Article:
Take a look at the following words. Which one do you think does NOT belong?
predetermine illogical president disappear
Prefixes are placed at the beginning of a root word to modify or change its meaning
All of the words above have prefixes added to the beginning of the root words except for president.
- Predetermine (pre-) : to determine before
- Illogical (il-) : not logical
- Disappear (dis-) : no longer to be present
Even though it seems as though president has the prefix “pre-,” there is no such root word as “sident” in the English language!
Two of the words with prefixes are verbs (predetermine, disappear) and one of them is an adjective (illogical). When adding a prefix to an adjective, it usually changes the meaning of the root word into its opposite:
- illogical = not logical (the “il-“ means “not”)
The meanings of nouns and verbs are often changed into their opposites by adding prefixes. There are a wide range of ways that prefixes can change meaning, however, for instance:
- predetermine = determine beforehand (the “pre-“ means “before”)
- ex-girlfriend = previous girlfriend (the “ex-“ means “previous”)
- disappear = not appear, or not be seen (the “dis-“ means “not”)
As mentioned, there are words that look like they begin with a prefix but in fact do not.
These words are already in their root form and they cannot be broken down (pare, lustrate, ercise, and tance are not root words!).
Take a look at the following words. Which one do you think does NOT belong with the others?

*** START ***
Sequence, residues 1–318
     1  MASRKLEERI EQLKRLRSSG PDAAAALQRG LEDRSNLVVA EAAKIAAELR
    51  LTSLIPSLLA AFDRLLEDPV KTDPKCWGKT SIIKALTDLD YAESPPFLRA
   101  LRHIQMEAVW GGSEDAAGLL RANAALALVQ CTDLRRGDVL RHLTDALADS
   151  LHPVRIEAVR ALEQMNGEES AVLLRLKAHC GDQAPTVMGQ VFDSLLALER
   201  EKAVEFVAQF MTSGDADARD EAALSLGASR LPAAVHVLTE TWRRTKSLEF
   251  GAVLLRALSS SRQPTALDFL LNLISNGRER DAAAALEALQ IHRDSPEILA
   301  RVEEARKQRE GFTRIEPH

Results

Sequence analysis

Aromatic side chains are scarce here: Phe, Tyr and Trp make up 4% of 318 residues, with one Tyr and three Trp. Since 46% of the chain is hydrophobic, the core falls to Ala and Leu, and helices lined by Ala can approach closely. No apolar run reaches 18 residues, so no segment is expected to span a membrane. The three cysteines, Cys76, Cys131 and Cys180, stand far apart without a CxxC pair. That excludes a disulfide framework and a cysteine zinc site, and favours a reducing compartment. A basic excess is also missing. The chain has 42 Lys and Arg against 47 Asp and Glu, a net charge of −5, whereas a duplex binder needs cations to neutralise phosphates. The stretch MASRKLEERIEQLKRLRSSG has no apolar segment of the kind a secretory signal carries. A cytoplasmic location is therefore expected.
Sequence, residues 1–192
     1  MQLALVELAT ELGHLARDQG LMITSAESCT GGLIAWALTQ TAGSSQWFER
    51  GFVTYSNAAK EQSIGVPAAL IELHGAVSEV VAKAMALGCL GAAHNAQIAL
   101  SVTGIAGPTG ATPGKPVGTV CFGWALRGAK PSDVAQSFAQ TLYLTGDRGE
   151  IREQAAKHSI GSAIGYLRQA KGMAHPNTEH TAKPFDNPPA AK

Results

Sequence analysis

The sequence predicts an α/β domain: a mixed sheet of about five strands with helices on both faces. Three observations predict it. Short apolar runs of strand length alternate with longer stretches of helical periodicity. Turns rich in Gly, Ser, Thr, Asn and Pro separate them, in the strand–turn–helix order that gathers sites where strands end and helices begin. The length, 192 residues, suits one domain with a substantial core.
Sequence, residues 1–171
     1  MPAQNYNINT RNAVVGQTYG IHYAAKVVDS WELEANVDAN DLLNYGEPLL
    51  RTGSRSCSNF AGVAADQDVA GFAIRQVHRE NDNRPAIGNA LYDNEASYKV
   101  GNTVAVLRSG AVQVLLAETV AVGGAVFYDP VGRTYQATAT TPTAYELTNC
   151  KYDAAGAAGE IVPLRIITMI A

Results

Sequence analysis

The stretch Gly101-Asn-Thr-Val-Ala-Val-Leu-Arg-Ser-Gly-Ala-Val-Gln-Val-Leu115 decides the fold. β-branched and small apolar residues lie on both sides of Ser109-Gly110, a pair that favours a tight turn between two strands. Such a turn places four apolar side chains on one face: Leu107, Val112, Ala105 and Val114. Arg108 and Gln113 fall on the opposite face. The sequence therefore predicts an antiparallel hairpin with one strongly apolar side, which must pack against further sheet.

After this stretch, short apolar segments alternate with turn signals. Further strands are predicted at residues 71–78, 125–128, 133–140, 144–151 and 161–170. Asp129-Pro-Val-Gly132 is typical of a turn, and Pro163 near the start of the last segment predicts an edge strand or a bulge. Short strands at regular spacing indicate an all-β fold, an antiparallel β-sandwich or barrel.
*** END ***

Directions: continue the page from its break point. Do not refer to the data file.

affordable comment treatment sadness
Suffixes are a group of letters placed at the end of a word to create a new word or to transform a word into a different part of speech.
All of the words above have suffixes added to the end of the root words except for comment.
- affordable (-able) : able to afford
- treatment (-ment): the act of getting treated
- sadness (-ness) : the state of being sad
The “-ment” in comment is part of the root word form and cannot be separated from “com”.
Suffixes are different from prefixes in that they can not only change the meaning of a word, but they also change it into a different part of speech:
- afford (verb) + -able (suffix) = affordable (adjective)
- teach (verb) + -er (suffix) = teacher (noun)
- establish (verb) + -ment (suffix) = establishment (noun)
Unlike words with prefixes, the word stress can sometimes change with words that have suffixes added to them. For example:
- stupid (stress is on the 1st syllable) → stupidity (stress is on the 2nd syllable)
- renovate (1st syllable) → renovation (3rd syllable)
- congratulate (2nd syllable) → congratulations (4th syllable)